Jaundice is a condition in which the whites of the eyes (sclera), skin and mucous membranes become yellow. The colour change is caused by a high level of bilirubin, a yellowish-orange bile pigment. Bile is the fluid secreted by our liver. Bilirubin is produced from the breakdown of red blood cells. Though more common in newborns, adults are also likely to get it, but it usually signals an underlying medical condition related to the liver.
Why Do Adults Get It?
Some of the reasons are:
- Hepatitis: Mostly, this infection is caused by a virus. It may be short-lived (acute) or chronic. Drugs or autoimmune disorders can cause hepatitis. Over time, this may damage your liver and result in jaundice
- Chronic hepatitis or inflammation of the liver
- Acute hepatitis A, B or C
- Alcohol-related liver disease: If you consume too much alcohol over a long period of time – typically about 8 to 10 years – you could damage your liver. Two diseases, in particular, alcoholic hepatitis and alcoholic cirrhosis harm the liver
- Blocked bile ducts: These are thin tubes which carry bile from the gallbladder and liver to the small intestine. Sometimes, these get blocked by gallstones, cancer, or other rare liver diseases. If they do, you may get jaundice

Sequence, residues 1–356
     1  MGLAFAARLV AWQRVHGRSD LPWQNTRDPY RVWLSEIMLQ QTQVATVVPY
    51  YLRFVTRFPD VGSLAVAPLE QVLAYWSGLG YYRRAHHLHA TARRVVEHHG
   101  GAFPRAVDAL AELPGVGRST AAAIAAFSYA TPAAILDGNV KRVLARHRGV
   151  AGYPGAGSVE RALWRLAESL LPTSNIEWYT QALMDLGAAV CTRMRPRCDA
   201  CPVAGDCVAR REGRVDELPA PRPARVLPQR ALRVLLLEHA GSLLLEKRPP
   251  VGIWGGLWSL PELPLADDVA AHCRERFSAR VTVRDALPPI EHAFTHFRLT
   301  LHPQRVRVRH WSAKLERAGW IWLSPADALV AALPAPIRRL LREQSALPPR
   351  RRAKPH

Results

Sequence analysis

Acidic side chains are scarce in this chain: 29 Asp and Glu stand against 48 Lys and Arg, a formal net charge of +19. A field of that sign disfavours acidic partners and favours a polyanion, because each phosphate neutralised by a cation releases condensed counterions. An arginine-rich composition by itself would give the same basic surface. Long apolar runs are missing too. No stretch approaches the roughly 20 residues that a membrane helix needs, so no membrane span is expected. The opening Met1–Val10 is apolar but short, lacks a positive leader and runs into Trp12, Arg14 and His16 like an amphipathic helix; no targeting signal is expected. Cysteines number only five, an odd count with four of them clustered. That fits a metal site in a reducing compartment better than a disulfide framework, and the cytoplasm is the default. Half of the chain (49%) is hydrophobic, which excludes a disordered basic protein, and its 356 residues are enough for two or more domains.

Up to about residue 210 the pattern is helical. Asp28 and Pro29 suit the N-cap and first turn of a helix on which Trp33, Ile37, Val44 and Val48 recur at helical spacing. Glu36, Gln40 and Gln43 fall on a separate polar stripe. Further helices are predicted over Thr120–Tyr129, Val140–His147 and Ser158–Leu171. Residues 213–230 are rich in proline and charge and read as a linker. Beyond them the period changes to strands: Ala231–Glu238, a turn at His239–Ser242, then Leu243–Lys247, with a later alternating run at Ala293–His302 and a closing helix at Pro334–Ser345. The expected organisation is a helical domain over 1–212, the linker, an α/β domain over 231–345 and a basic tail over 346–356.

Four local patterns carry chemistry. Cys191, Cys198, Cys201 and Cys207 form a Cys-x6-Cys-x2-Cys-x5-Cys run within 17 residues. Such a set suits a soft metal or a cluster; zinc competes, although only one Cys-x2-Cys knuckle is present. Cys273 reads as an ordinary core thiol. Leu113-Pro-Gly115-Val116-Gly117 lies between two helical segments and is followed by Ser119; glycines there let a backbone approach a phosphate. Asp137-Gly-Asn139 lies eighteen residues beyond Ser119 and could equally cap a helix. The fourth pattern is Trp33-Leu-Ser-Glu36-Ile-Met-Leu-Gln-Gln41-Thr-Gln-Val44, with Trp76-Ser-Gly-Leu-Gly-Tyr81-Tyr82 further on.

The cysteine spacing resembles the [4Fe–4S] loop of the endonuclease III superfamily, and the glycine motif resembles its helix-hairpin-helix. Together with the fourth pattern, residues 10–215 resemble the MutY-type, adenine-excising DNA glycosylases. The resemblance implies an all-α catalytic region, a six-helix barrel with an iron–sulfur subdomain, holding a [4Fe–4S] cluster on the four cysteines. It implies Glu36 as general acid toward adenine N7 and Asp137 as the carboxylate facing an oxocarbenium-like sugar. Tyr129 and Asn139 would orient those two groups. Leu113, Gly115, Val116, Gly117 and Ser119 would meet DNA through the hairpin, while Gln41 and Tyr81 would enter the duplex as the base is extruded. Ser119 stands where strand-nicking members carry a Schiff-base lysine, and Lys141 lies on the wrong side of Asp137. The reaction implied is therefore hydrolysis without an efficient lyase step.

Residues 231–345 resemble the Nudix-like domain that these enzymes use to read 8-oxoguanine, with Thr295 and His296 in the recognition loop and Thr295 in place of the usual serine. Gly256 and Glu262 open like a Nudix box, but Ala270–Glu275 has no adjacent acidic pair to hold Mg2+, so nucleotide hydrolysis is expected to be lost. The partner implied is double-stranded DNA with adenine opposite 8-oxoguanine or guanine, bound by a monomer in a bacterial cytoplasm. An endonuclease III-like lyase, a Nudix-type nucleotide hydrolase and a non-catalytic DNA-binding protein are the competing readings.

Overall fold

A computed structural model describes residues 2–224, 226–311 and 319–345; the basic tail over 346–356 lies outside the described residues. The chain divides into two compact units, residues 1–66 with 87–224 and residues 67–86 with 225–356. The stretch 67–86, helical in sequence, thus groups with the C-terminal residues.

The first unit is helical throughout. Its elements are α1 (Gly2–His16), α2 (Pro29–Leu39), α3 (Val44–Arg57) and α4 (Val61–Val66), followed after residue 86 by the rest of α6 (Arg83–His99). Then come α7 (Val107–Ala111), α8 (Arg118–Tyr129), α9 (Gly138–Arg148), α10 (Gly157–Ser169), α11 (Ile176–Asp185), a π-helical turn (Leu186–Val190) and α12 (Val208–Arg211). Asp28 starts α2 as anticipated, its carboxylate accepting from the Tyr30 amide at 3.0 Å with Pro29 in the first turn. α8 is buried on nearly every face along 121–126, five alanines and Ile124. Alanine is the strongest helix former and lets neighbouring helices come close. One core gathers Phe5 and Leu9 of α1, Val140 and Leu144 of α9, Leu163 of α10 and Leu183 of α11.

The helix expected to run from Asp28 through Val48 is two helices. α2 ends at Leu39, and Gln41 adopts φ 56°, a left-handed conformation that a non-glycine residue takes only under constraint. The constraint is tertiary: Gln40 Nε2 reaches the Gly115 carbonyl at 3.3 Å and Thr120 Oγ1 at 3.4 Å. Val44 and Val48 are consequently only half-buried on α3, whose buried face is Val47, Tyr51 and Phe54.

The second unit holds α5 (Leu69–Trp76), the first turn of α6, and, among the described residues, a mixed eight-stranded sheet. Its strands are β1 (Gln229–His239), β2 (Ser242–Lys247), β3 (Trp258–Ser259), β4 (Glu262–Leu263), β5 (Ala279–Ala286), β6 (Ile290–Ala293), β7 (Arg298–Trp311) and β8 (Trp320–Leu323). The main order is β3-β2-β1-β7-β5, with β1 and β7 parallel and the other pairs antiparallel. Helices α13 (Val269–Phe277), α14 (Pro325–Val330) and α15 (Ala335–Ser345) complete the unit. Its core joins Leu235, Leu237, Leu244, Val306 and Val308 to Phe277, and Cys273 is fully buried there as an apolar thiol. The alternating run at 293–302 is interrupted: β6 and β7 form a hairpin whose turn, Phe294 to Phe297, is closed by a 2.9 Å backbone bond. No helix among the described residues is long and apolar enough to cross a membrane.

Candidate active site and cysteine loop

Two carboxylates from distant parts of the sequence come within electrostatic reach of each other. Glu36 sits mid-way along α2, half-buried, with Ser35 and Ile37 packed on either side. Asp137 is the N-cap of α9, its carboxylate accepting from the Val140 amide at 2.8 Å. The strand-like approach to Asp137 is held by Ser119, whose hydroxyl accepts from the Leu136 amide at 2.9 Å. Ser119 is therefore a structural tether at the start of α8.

- Pancreatic cancer: It can block the bile duct, causing jaundice
- Certain medicines: Certain drugs have been linked to liver diseases
What are the symptoms of jaundice?
A person may or may not have symptoms of jaundice, sometimes the condition may be found accidentally. When one does experience the symptoms, their severity depends on the underlying causes and how quickly the disease develops.
- Yellow skin and eye colour
- Fever and chills
- Abdominal pain
- Flu-like symptoms
- Dark-coloured urine and/or clay-coloured stool
- Itchy skin
- Weight loss
- Nausea and vomiting
How Is It Diagnosed?
Your doctor will suggest taking a bilirubin test, which measures the level of the pigment in your blood, a complete blood count (CBC) and other tests. If you have jaundice, the level of bilirubin will be high. To detect the underlying cause, the doctor will ask you about your symptoms and medical history, and shall prescribe some more tests, which may include:
- Tests for Hepatitis
- Liver/pancreas Biopsy
How Is It Treated?
Usually no treatment is required for jaundice, however, the complications, like itching, may need to be treated if severe. The thrust is on treating the underlying conditions that may have caused jaundice.
- If acute viral hepatitis is the cause, jaundice will go away on its own over a period of time as the liver starts to heal
- If a blocked bile duct is to blame, the doctor may recommend surgery